As I mentioned in a previous post, this May I will be going to the north of Ireland to a conference of history, specifically on empires and their contested pasts. I am looking forward to this trip quite a bit, it will be my 4th time in Ireland. I will be gone 8 days, and will have a lot of opportunities to see places and people while I am there. (I will post on this subject in a few days.)
My paper is entitled “North Carolina and the Shaping of an Imperial Identity,” and I give the entire paper proposal here:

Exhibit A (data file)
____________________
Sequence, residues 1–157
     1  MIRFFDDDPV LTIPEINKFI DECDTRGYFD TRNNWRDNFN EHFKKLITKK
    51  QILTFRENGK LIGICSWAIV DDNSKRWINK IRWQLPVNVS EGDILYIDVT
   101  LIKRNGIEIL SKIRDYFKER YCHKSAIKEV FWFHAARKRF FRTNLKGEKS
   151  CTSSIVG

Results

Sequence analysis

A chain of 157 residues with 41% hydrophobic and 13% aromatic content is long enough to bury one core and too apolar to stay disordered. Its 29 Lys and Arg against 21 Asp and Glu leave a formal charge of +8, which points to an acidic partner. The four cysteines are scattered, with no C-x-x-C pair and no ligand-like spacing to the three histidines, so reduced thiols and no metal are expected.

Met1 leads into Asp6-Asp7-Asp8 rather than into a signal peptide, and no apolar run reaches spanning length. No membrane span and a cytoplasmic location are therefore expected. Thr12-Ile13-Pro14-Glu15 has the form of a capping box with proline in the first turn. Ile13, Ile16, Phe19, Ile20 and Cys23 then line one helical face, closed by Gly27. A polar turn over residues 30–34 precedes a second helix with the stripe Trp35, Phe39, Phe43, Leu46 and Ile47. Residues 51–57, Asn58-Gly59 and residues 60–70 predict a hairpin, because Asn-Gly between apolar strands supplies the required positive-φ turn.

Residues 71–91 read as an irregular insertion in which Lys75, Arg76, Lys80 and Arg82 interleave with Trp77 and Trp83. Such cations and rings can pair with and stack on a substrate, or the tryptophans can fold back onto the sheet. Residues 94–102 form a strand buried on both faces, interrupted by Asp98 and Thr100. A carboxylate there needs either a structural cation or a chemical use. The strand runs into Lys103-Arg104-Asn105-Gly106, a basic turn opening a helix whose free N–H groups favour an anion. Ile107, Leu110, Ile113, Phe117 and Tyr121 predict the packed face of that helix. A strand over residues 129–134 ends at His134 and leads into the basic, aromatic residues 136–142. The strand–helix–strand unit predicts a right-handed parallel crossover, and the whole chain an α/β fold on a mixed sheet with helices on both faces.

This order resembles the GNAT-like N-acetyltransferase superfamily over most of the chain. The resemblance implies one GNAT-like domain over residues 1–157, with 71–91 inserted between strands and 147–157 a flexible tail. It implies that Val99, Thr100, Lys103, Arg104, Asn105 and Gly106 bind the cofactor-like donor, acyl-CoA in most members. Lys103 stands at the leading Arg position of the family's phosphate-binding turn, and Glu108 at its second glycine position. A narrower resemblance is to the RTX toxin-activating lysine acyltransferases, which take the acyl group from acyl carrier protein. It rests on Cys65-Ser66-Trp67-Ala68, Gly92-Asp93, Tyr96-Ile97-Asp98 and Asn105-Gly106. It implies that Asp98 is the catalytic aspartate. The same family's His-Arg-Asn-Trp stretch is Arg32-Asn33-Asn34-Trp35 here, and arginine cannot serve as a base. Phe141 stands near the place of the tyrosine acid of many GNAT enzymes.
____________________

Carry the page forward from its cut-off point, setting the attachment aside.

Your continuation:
During the Seven Years’ War (1754-1763), the British Empire found itself locked in a struggle with France in the wilderness of America, in which imperial officials in London expected its transoceanic colonies to contribute to the war effort by providing soldiers, supplies and money. The results were disappointing in North Carolina, where the provincial assembly was extraordinarily reluctant to answer the call of metropolitan officials for wartime aid. Recruiting for British regular regiments met with little success in North Carolina, while the colony’s insistence on issuing paper money in defiance of the crown’s well-known aversion to the practice further reveals the limited effect imperial command had in the province. The colony’s poor economic condition and its remoteness from the seat of war explain much of this unwillingness to participate in imperial designs. The parsimony and autonomy North Carolina’s Assembly demonstrates the not only the decentralized, tenuous nature of British metropolitanism and imperial commands in the 1750s, but also the colony’s increasing spirit of self-rule and growing autonomy. Britain’s perceptions of the language of command and control for use in colonial policy often emphasized a disciplinary implication of a “parent-child” relationship; North Carolina conversely stressed the sanctity of its legislature and the autonomy of its people, with Britain playing “an external background” role ensuring stability and protection. In this perception, Carolinians were in effect actually encouraged by none other than Prime Minister William Pitt, who treated the colonies as near equals in his military reimbursement schemes, issues of rank, and even chastised one imperial official serving in America for “exerting too much authority over the people.” The stiffening reluctance on the part of the colony’s lower house to help Britain by refusing to raise troops, failing to send provisions, sending its own agent to London, and battling with the governor also reveals that Carolinians were not simply transplanted Britons living on the Atlantic littoral. Rather, a distinct imperial identity in North Carolina emerged during this conflict. This was a peculiar identity characterized by a lack of deference to trans-Atlantic metropolitan commands, with an emphasis on provincial themes. Historians have noted that by 1765 Britain’s mainland colonies had developed many separate identities; this was especially true in the case of North Carolina.